Scalable Video Coding at its best is on its way to WebRTC courtesy of Vidyo, who stands to gain… ?
Scalable Video Coding (SVC), for those that are new to the term, is a way to take a single video stream, split it into layers and have the layers provide value one on top of the other. That value could be better error resiliency, better frame rate, higher video quality or higher resolution. What is it good for? Two things mainly:
- Error resiliency – the video looks better even in network hiccups
- Reduce load on the MCU – if you are planning to add multipoint video, then SVC makes the backend servers work less and provide better results (usually)
SVC was the reason Vidyo, a company that start from video conferencing veterans, existed in the first place – it went on a quest to kill the hardware MCU. While other video conferencing vendors have been gearing up their solutions towards SVC, I don’t think that any one of them reached the level of commitment, embedding and technology that Vidyo has. This is probably why Google opted for Vidyo’s H.264/SVC codec for their Google Talk and later Hangouts services.
Yesterday, Vidyo announced support of WebRTC. As stated in the press release:
Vidyo will develop a scalable video extension for the VP9 codec as part of the WebRTC client open source project.
Vidyo and Google will promote this version with relevant standards bodies.
Vidyo and Google plan to develop additional capabilities to further optimize the Hangouts experience for enterprise users.
Things to note from the announcement:
- This is about VP9 and not VP8. Google is planning to shift WebRTC to VP9 and probably sooner than later. The “present” to the market and the pressure over the mandatory video codec selection is going to be the addition of SVC technology as part of the package – a sweet deal considering the fact that SVC is still far from being commoditized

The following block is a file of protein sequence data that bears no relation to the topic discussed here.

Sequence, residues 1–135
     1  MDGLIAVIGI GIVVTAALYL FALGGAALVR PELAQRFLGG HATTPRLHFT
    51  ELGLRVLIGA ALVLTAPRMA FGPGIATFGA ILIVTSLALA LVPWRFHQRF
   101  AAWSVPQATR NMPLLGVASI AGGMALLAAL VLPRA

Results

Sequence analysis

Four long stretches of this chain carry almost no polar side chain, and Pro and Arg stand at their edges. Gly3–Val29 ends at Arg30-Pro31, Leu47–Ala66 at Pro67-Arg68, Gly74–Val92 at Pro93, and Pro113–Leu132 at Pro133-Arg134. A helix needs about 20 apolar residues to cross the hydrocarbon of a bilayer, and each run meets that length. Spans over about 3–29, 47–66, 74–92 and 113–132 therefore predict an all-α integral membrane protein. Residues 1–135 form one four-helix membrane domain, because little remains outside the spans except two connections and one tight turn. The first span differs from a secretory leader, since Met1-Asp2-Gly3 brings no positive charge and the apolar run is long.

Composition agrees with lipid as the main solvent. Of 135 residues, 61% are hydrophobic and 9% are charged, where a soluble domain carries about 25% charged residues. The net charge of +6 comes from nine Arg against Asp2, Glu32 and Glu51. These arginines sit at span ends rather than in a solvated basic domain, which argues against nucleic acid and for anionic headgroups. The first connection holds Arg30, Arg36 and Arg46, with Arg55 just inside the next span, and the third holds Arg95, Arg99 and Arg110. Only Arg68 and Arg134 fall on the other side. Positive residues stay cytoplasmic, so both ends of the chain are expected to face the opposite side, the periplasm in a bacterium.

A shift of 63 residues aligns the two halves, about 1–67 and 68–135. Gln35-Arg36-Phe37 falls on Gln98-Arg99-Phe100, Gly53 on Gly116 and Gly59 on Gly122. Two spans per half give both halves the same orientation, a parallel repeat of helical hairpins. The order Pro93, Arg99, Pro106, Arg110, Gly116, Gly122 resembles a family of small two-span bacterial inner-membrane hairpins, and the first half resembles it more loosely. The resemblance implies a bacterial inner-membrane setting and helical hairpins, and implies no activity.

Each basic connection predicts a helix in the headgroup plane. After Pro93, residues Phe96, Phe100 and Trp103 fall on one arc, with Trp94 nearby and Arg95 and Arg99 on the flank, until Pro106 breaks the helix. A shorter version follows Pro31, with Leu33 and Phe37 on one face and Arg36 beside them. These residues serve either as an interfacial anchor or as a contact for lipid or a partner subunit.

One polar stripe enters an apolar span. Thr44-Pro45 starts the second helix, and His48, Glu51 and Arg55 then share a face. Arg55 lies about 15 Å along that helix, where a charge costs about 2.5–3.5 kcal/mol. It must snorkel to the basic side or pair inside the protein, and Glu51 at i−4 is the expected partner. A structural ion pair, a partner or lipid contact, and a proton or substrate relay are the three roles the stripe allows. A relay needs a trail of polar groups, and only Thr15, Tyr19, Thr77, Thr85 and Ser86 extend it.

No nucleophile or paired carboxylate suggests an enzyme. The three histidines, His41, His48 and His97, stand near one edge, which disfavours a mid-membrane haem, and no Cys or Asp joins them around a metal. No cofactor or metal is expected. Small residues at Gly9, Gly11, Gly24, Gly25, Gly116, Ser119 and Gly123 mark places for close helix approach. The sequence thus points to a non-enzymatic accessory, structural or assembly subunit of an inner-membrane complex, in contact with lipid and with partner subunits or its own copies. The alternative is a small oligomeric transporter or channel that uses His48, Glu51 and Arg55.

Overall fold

- The IP that Vidyo is contributing here is substantial, but relates only to the client side of the WebRTC story. A lot of the smarts of SVC resides in the backend, where WebRTC is lacking in existing infrastructure. SVC adds complexity there
- This requires additional standardization effort. VP9, which is Google controlled in a way, but more so WebRTC itself, where additional signaling is required to get a reign over the capabilities SVC brings to the table
Why Would Vidyo do such a thing?
That’s the main question. The answers are varied, with the best one being that they didn’t really have a choice. Vidyo is the youngest video conferencing company – the one that has the most to lose. It raised almost $100M, with the latest round of $17M just 4 months ago. It raises the question – can such an opening of their technology make them a billion dollar company.
On the other hand, ignoring WebRTC means a reduction in the size of the market they are targeting by upstarts – just as TNW went for LiveNinja’s platform and not Vidyo’s.
By pushing their tech into WebRTC on the client side, Vidyo gets a head-start in SVC support for WebRTC and with being able to introduce their VidyoRouter and other products with native WebRTC support faster than anyone else to the market. It probably has a few patents on the server side processing up its sleeves and will be willing to protect them.
This is probably the best move they had with WebRTC. Question is – will it be enough.